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05BANGKOK3945 WORKING WITH THAILAND TO ENGAGE OTHER MILITARIES IN ASIA

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“34687”,”6/15/2005 9:44″,”05BANGKOK3945″,

“Embassy Bangkok”,”CONFIDENTIAL”,””,

“This record is a partial extract of the original cable.

The full text of the original cable is not available.

 

“,”C O N F I D E N T I A L SECTION 01 OF 03 BANGKOK 003945

 

SIPDIS

 

DEPARTMENT FOR EAP, EAP/BCLTV

PACOM FOR FPA HUSO

 

E.O. 12958: DECL: 05/17/2015

TAGS: PGOV, MARR, MASS, TH, POL/MIL

SUBJECT: WORKING WITH THAILAND TO ENGAGE OTHER MILITARIES

IN ASIA

 

REF: 04 BANGKOK 6056 NOTAL

 

Classified By: Ambassador Ralph L. Boyce. Reason 1.4 (a and d)

 

1. (C) SUMMARY. Thailand affords the United States a

unique platform in Asia to work jointly with other Asian

military forces, including those from Japan and Indonesia,

and to conduct multinational peacekeeping, disaster relief

and other exercises. Our largest exercise, Cobra Gold, is

America\’s only annual joint/combined multilateral training

exercise in the Asia Pacific Region. This year\’s exercise

included participation by Japan and Singapore as well as

observers from over twenty countries. Post is also working

with the Thais to build a National Training Facility (NTF) —

which could become a regional center — to improve Thai

peacekeeping and counter-terrorism capabilities. Further

expansion of our cooperative exercises with Thailand and our

expected use of the NTF could go a long way toward

establishing a near-continuous presence in South East Asia in

support of our stability and security goals in the region.

Post solicits assistance from Washington, PACOM, and

AmEmbassy Tokyo on effective ways to shape exercises in

Thailand to deepen involvement by Japanese Self Defense

Forces in PKO and NEO training. Post likewise seeks input on

ways we might shape programs hosted by the Thai to engage the

Indonesian military in ways consistent with U.S. foreign

policy objectives and U.S. law. END SUMMARY.

 

WE CAN DO THINGS IN THAILAND THAT WE CAN\’T DO ELSEWHERE

 

2. (C) Perhaps due to their lack of a colonial heritage,

Thai leaders are far more willing to host multilateral

exercises than are others countries in Asia. Unlike Japan,

which only hosts annual bilateral exercises due to legal

prohibitions over collective security, or Australia, which

avoids multilateral exercises so as not to \”dumb down\” its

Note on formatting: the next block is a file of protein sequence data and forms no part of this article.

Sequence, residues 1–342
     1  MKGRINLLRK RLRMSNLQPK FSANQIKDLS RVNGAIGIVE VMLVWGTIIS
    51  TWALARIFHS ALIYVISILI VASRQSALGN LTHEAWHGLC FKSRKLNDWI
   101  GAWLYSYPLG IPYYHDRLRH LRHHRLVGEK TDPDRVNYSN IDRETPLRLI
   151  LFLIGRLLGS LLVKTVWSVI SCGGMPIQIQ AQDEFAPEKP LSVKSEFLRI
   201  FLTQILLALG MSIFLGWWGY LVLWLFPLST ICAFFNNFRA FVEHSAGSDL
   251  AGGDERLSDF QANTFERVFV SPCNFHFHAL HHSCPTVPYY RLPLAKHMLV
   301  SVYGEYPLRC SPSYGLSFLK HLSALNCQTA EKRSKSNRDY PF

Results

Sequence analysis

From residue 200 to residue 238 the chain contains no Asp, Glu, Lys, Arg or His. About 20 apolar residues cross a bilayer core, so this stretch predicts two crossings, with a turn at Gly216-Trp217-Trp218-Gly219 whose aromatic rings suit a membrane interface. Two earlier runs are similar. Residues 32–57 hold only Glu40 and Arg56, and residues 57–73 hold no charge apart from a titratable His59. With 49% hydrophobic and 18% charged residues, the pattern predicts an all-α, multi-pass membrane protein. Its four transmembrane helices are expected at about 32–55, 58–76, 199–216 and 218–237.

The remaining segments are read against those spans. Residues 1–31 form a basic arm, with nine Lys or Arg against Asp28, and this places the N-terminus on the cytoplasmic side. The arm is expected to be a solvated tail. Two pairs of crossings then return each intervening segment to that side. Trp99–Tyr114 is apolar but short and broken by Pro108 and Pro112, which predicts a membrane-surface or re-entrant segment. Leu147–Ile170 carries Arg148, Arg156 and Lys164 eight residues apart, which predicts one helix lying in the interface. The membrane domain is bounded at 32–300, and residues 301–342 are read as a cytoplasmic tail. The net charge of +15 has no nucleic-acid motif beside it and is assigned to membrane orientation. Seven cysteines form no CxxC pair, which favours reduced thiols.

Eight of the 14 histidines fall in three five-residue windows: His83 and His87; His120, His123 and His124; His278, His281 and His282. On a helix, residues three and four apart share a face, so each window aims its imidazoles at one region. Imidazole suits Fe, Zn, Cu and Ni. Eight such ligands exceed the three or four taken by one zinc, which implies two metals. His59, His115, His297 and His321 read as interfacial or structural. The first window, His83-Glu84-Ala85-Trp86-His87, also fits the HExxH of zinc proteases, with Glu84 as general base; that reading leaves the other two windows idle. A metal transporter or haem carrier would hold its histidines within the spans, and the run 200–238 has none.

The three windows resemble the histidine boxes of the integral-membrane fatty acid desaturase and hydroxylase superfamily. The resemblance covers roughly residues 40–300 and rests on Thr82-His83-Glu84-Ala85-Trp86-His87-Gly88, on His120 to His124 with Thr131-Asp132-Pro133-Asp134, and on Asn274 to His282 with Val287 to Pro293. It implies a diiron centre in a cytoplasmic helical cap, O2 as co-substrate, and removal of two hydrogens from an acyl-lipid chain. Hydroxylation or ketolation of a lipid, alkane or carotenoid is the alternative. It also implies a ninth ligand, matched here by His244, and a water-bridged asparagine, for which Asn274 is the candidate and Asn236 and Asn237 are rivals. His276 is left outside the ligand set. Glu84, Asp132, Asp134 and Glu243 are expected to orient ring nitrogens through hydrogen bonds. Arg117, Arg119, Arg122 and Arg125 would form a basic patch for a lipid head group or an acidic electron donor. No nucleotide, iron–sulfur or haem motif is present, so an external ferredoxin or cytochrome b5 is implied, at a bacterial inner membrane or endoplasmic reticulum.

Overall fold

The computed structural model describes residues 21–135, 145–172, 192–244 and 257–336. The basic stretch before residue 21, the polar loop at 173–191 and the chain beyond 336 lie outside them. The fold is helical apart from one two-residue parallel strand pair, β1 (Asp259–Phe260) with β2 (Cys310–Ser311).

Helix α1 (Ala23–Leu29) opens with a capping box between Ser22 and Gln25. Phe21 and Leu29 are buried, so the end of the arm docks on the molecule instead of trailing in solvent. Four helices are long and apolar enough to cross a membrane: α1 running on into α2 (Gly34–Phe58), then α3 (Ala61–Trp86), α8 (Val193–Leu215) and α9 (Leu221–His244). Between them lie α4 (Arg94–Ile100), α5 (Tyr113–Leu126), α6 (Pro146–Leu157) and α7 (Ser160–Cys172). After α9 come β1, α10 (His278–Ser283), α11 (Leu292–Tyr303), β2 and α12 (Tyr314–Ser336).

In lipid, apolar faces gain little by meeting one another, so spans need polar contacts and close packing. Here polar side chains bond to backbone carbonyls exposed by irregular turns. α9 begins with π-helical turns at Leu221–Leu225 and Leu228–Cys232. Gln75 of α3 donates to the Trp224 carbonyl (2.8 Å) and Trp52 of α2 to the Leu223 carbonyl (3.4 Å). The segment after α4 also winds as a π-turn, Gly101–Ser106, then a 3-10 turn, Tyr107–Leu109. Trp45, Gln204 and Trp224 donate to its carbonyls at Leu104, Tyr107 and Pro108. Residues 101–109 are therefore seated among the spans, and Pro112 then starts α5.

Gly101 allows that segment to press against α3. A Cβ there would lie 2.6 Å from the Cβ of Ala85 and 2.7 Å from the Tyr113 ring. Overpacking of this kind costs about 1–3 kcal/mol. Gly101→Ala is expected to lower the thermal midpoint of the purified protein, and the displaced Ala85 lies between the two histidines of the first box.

own training opportunities, the Royal Thai Government

supports multilateral exercises as a way to show regional

leadership. For example, after initial skepticism about

focusing this year\’s Cobra Gold exercise on disaster relief,

Thai leaders quickly came to embrace the concept — seeing it

as an opportunity to demonstrate Prime Minister Thaksin

Shinawatra\’s regional leadership role. So long as our

concepts are properly sold to Thai military and political

leaders, post is convinced that we can continue to modify

Cobra Gold and other exercises to meet our regional security

objectives — including an ability to establish a

near-continuous presence in the region.

 

WHAT COBRA GOLD HAS BECOME

 

3. (SBU) 2005 marked the 24th year we\’ve held Cobra Gold.

Over that time, the exercise has transformed from a bilateral

effort aimed at training to deter a conventional attack from

Vietnam, to a multilateral exercise aimed at enhancing

humanitarian assistance and peacekeeping skills. Cobra Gold

generally includes a staff exercise involving multinational

players and observers while bilateral field exercises take

place involving thousands of U.S. and Thai troops.

Simultaneously, engineers and medics conduct medical civil

affairs projects (MEDCAPS) and engineering civil affairs

projects (ENCAPS) throughout the country. For the past five

years, Singapore has been a participant in the staff

exercise. In 2004, the Philippines and Mongolia joined

Singapore, the U.S. and Thailand as STAFFEX participants. In

2005, Japan participated in the staff exercise along with

Singapore, Thailand and the United States. In addition to

participant countries, over 30 nations have sent observers to

Cobra Gold. These have traditionally included Australia,

Canada, France, Germany, India, Indonesia, South Korea,

Malaysia, the Maldives, New Zealand, the Philippines, Sri

Lanka and the United Kingdom. Others participate in various

roles, including China, Israel, Russia and France. In 2005,

for the first time, Singapore joined U.S. and Thai experts to

conduct MEDCAPS in the field.

 

4. (SBU) Cobra Gold 2005, with its special focus on

disaster relief, included participation from WHO, World Food

Program, UNDAC and other UN and International relief Agencies

as well as a panoply of U.S. and foreign civilian government

agencies. A one-week Disaster Relief Workshop was widely

attended and included candid presentations by representatives

from tsunami affected countries, including Indonesia. The

workshop featured numerous multinational presentations